One year ago, I flew to Addis Ababa as a member of the Peace Corps. I’d gone with great intentions and was so very excited to be joining an organization I’d held in high esteem for most of my life.
It was definitely one of those crossroads moments, to be sure. This January, I find myself at a second crossroads. I’m finishing up my stint as a Holiday Lights Technician with Daniel Stowe Botanical Gardens so I can open my schedule up to photography and self-employment once again. So naturally, my mind wants to return to where I was at the beginning of 2018.
I’m not really sure where I intend to go with this post since all of my journaling during my month in Ethiopia was analog and I threw out my journal when I got back to the States. I was…Not in a good place for a while. Mentally, emotionally, and financially. I made it to Daniel Stowe in August with about $250, $200 of which was required for a house deposit, a tiny backpack with a single change of clothes, a pack of pasta and sauce, and a bike with a flat tire.
Anyway. I keep coming back to last January because it was such a low. It was the end of an era for me, in some ways. I’d always believed in the “you can do anything if you just put yourself out there and try really hard” maxim. It all seemed so clear; all of the experiences in my life seemed to point to the Peace Corps as being the natural path for me. The work, Agricultural Extension work, teaching rural communities climate and resource smart farming techniques, was something I find fascinating, I have a good head for languages and cultures, and was thrilled to be surrounded by like-minded people.
Unfortunately, my anxiety has a mind of its own. I spent nearly a month in constant inner conflict, burning muscle pain and constriction, alienating people that could have been friends and generally very unhappy. Despite all of the reasons I wanted to stay, I ended up returning to the States in early February. And I don’t quite believe in that maxim anymore. It’s evolved, I guess.
I cried here and there and was generally depressed. I scraped by for a few months writing photography articles, tried to break into photography in LA while helping a Russian woman run her AirBnB business while trying not to get stabbed in the slum she ran to fuel a drug and sports car lifestyle (there were a couple near stabbings of roommates and police were involved, I kid you not. LA is insane…), went to California to help Ajahn Chandako build a Buddhist retreat in the mountains, went back to LA for a couple of weeks to make enough money to get to Las Vegas. From there, I flew to Mexico City on a one-way ticket for a month and worked part-time writing and living paycheck to paycheck in hostel beds while trying to decide what was next.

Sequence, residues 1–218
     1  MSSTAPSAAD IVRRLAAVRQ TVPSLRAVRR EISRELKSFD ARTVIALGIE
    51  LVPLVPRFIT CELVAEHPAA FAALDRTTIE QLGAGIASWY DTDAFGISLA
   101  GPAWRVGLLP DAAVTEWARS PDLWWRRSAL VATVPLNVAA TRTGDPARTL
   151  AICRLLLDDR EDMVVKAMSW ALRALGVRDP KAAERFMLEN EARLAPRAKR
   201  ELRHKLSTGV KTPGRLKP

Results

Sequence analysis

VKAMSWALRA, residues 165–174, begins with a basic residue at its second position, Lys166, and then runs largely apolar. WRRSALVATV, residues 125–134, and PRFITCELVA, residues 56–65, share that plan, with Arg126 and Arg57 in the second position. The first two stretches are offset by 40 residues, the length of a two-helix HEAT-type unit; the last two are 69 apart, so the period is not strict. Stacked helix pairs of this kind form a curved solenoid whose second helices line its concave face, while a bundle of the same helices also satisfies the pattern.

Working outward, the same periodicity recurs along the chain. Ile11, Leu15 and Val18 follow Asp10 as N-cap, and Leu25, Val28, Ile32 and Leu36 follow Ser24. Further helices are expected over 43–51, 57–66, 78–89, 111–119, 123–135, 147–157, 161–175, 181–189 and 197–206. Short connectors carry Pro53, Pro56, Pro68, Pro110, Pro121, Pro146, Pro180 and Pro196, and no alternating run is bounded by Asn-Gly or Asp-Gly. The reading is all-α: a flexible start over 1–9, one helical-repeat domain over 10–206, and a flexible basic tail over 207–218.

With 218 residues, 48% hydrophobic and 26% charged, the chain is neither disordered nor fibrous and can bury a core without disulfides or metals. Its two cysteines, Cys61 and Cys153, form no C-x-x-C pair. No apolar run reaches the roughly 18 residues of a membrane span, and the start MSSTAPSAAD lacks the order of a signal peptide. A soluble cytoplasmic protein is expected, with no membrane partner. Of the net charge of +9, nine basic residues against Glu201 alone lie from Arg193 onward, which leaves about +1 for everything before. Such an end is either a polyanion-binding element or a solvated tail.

Eventually, I got a job offer from Todd, the director of Horticulture at Daniel Stowe and decided that’s where I needed to be, to get my feet back under me. I flew from CDMX to Miami for a couple of weeks, only to have my computer and back-up drive of nearly all my old art (including nearly all of my images from Ethiopia) stolen by someone who saw a shiny computer and thought a 2012 Macbook would be worth something. Unable to write anymore, I then limped my way to NC with a financial contribution from my father and started working 40 hours a week again.
And here we are. That wasn’t as dark a post as I thought it was going to be. I intended to be sad about the Peace Corps but I’m not really feeling it as much. 2018 was INSANE. I did my best; I always do, and I will continue to do so. I wish I’d made it to Tigray. I wish I’d learned Tigrinya and had a photo with Gebre, my teacher, and the guys in my cohort who are already halfway through their Peace Corps service. I wish I had a chance to raise chickens, teach classes, and see how my heirloom seeds would do. I wish for…A lot of things that weren’t meant to be. But if that isn’t a summation of the human experience right there then I don’t know what is.
At the moment I have some savings, I have a car, and I stand poised to get paid to do art again. I’m learning how to understand what may be a far more physical ailment than I realized through yoga and breath meditation. I have a portrait shoot scheduled with a model next Sunday, and while I don’t know where I’ll be living next week, financially, I’m in a good place and have time to explore and not rush into a bad situation. I’m constantly thinking about photography and feel ready to do something great in 2019! So better to look ahead, I think.
Oh, and at least I still have these images from Ethiopia: